This article is written as a walkthrough for the understanding of what is Heijunka and its use in production.
What is Heijunka?
The slide in document below shows that Heijunka is defined as the levelling of workflow or production levelling. Toyota Production System (TPS) has defined Heijunka as levelling the types and the volume of produced goods and it is a prerequisite for “just-in-time” production. Both types of levelling (i.e. by volume and by product type) must work together for it to be effective. Traditionally, production volumes and product types can vary according to customer demands, poor planning or just because it is easy for the production to produce the goods in a sequence. The methods and goals of Heijunka are explained below.
The method is to balance the work load among manufacturing lines and it is essential to add planned buffers to improve raw material availability and to level demand spikes. The traditional erratic production demand must be smoothed out using it when applying Lean Manufacturing. The ultimate goals are to create a process that is stable, to improve delivery performance, to minimise fluctuations and to align production rate with demand.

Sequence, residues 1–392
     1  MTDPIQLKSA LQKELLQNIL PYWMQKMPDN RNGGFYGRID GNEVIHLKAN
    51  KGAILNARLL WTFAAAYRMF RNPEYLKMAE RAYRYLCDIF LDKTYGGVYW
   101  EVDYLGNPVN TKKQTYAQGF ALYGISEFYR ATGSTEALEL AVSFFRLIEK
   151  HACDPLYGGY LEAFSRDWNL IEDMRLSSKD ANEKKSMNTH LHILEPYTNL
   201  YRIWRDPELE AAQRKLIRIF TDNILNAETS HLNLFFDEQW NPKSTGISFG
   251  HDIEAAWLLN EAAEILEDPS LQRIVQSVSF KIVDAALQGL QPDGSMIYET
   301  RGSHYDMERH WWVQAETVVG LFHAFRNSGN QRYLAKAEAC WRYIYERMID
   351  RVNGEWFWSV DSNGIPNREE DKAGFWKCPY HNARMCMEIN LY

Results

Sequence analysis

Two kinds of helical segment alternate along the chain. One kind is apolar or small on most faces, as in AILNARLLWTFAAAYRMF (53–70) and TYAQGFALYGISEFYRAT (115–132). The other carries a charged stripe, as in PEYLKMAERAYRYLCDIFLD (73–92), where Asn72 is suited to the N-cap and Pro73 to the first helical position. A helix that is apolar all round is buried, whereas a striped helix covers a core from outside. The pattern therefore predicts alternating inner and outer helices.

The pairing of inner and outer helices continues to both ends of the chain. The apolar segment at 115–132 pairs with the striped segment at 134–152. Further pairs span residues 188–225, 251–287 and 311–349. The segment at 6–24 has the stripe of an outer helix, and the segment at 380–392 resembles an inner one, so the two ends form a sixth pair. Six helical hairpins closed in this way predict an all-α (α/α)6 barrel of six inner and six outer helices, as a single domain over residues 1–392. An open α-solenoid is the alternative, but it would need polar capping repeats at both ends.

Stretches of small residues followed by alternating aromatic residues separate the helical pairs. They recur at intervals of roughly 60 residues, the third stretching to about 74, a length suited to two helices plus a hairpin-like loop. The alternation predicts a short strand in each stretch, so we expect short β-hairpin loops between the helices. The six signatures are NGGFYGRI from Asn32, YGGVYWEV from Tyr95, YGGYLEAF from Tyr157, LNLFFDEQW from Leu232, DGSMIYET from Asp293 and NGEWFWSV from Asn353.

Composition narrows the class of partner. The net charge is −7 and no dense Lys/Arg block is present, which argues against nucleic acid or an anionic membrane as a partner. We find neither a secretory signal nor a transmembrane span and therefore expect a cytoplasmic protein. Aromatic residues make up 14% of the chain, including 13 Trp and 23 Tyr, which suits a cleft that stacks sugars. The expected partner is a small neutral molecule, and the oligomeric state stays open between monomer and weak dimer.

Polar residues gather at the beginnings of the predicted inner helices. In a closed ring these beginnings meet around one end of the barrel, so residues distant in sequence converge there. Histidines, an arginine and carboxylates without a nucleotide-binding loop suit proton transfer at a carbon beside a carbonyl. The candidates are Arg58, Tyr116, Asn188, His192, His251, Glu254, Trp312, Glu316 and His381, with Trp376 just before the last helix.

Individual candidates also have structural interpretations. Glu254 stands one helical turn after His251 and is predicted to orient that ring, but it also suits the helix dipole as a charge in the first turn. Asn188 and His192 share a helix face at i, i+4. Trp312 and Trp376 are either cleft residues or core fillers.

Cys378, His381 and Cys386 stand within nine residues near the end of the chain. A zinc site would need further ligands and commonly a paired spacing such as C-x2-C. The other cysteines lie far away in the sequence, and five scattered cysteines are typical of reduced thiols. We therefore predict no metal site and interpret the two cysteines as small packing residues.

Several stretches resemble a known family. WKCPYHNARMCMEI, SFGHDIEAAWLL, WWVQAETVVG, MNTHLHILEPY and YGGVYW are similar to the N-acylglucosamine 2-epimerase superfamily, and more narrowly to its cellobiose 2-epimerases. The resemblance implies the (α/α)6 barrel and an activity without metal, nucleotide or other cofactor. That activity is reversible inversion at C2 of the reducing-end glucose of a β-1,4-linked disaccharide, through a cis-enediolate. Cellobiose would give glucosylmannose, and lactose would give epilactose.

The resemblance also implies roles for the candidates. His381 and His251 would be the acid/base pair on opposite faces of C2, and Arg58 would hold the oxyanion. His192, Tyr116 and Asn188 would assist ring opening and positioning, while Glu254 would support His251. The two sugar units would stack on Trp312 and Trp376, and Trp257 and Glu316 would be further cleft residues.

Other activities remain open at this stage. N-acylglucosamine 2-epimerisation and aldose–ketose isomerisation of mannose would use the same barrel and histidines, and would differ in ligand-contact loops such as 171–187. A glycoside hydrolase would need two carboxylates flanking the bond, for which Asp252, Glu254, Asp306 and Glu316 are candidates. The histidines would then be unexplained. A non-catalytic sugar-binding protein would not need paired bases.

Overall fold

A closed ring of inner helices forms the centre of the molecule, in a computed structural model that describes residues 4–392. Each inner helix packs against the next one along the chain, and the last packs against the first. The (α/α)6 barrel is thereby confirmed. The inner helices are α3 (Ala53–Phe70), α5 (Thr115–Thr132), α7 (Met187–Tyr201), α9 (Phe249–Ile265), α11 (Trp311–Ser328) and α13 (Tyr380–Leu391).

The slide in document below shows the ultimate production levelling achieved through the levelling of production by volume and by product type. It shows that for a weekly orders of 350, the daily smoothed orders are 70 in which, each four types of products (namely Product A, B, C and D) are manufactured on a daily basis.
Consider another example as above for levelling by volumes: For an erratic production demand from Monday to Friday which consists of 180, 100, 50, 100 and 70 units respectively, the fluctuation is seen to be between 50-180 units for the entire week. This would mean that the production operators would be very busy on certain days and during the low production demand days, they would be looking for work to do.
By: Dr. Satnam Singh, PhD (Managing Director MBizM Group)